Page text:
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Oracle DBA - Oracle Optimization


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Introduction to Oracle 10g's New SQL Tuning Advisor

Oracle has once again given us a great tool that will assist us with manual tuning of SQL statements. This tool is called the SQL tuning advisor and it will eat SQL statements for lunch and spit out optimizing techniques and recommendations we can use in our efforts.



Introduction to Oracle 10g's New SQLAccess Advisor

If you have ever had a difficult time tuning applications because you can never find the SQL or code behind these applications, Oracle 10g's new SQLAccess Advisor, a new tool from Oracle, is a must.

Log Block Size

Although the size of redo entries is measured in bytes, LGWR writes the redo to the log files on disk in blocks. The size of redo log blocks is fixed in the Oracle source code and is operating system specific. Oracle's documentation uses the term "operating system block size" to refer to the log block size. Normally it is the smallest unit of I/O supported by the operating system for raw I/O, but on some operating systems it is the smallest possible unit of file system based I/O. The following table shows the most common log block sizes and some of the operating systems that use them.



Managing Contention for Oracle Latches

Internally, Oracle uses various types of structures, the access of which is controlled using a variety of mechanisms, including latches. In this article, Oracle expert Megh Thakkar discusses how contention for Oracle latches can be minimized. Internally, Oracle uses various types of structures. Access to these structures is controlled using a variety of mechanisms: Latches Enqueues Distributed locks Global locks (used in parallel instance implementations) This article discusses how contention for Oracle latches can be minimized.

Managing SQL and Shared PL/SQL Areas (DBMS_SHARED_POOL)

Oracle compares SQL statements and PL/SQL blocks issued directly by users and applications as well as recursive SQL statements issued internally by a DDL statement. If two identical statements are issued, the SQL or PL/SQL area used to process the first instance of the statement is shared, or used for the processing of the subsequent executions of that same statement. Shared SQL and PL/SQL areas are shared memory areas; any Oracle process can use a shared SQL area. The use of shared SQL areas reduces memory usage on the database server, thereby increasing system throughput. Shared SQL and PL/SQL areas age out of the shared pool according to a "least recently used" (LRU) algorithm (similar to database buffers). To improve performance and prevent reparsing, you may want to prevent large SQL or PL/SQL areas from aging out of the shared pool. This chapter explains the use of shared SQL to improve performance.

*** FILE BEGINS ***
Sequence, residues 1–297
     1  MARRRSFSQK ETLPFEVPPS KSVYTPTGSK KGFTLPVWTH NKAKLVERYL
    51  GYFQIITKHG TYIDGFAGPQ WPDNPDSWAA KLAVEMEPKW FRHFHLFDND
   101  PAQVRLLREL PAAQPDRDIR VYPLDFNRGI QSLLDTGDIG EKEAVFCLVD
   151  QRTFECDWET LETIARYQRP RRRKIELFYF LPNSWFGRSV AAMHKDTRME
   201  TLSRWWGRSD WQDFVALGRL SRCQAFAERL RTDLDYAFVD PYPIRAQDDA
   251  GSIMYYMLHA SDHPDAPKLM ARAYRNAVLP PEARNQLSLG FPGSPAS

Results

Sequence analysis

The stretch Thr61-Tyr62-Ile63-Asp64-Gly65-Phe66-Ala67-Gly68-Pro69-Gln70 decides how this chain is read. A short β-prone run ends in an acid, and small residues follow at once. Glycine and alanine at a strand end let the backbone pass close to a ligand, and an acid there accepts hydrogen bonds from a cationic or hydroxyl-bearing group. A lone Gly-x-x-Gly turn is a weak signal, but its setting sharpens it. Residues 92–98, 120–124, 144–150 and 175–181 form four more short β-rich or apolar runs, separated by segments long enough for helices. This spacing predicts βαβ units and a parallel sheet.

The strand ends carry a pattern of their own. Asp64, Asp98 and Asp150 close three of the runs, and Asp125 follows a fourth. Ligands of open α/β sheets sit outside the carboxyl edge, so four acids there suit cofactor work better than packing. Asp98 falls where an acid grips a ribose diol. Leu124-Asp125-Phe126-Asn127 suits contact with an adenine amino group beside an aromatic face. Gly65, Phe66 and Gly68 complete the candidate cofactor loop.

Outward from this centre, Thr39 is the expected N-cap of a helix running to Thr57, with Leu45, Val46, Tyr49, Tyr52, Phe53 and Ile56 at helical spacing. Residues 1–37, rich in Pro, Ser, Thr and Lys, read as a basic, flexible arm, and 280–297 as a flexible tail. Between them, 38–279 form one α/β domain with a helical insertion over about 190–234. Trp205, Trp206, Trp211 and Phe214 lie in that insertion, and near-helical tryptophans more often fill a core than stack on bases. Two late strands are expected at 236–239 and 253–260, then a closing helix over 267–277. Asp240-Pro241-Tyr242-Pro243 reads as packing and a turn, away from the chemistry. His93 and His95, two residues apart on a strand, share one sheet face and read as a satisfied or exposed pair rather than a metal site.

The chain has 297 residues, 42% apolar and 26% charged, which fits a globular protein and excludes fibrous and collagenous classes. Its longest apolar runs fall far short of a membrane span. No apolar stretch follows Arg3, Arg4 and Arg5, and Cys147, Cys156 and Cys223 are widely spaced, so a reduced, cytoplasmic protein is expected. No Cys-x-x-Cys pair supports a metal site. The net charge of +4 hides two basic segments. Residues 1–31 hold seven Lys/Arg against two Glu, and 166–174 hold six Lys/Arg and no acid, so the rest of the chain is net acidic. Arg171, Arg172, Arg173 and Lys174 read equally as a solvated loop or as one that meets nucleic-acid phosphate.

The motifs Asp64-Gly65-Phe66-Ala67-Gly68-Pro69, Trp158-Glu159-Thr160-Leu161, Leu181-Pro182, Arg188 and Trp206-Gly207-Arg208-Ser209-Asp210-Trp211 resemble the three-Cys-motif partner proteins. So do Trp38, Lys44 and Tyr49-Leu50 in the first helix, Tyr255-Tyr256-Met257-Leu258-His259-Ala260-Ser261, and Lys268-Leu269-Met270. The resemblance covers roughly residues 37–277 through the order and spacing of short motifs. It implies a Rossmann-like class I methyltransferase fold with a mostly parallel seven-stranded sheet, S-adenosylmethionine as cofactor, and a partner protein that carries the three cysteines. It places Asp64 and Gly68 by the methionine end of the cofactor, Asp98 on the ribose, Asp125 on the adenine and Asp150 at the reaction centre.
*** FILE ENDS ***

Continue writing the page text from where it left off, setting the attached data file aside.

Monitoring Open and Cached Cursors

Just about every DBA has had to deal with ora-1000 errors, "Maximum open cursors exceeded." This article will discuss initialization parameters that affect open cursors, the difference between open and cached cursors, closing cursors, and monitoring open and cached cursors.

Oracle 10g's Redo Logfile Sizing Advisor

Improperly sized redo logs can impede the performance of your database and hamper recovery time in the event of a database crash. Oracle has given us yet another advisory that helps us to properly size redo logs, taking yet another tedious task from us.

Oracle 11g: Incremental Global Statistics On Partitioned Tables

Incremental Global Stats works by collecting stats on partitions and storing a synopsis which is the statistics metadata for that partition and the columns for that partition. This synopsis is stored in the SYSAUX tablespace, but is quite small (only a few kilobytes). Global stats are then created not by reading the entire table, but by aggregating the synopses from each partition. Incremental Global Stats, in conjunction with the new 11g DBMS_STATS.AUTO_SAMPLE_SIZE, yield a significant reduction in the time to collect statistics and produce near perfect accuracy.

Oracle 9i: Working with Multiple Block Sizes

Prior to Oracle9i, the size of the System Global Area (SGA) was static and changing it would require a restart of the Oracle instance. This used to pose a number of problems for DBAs who would like to change the SGA size as needed by the application without worrying about downtime. This is particularly true for Oracle DBAs responsible for e-businesses. For an e-business, minimizing downtime is probably the most important requirement, and Oracle DBAs need to look for innovative ways to achieve this objective. With a static SGA, it becomes very difficult to react to changing application demands, especially if you have not performed proper capacity planning. Oracle9i allows the SGA size to be changed dynamically by using the ALTER SYSTEM command.

Oracle Cumulative High Water Mark Sessions.

Here is a good script by Steve Adams to display the high water mark for connected sessions in Oracle7, and there may be changes required for later releases.

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SQL Statement Tuning
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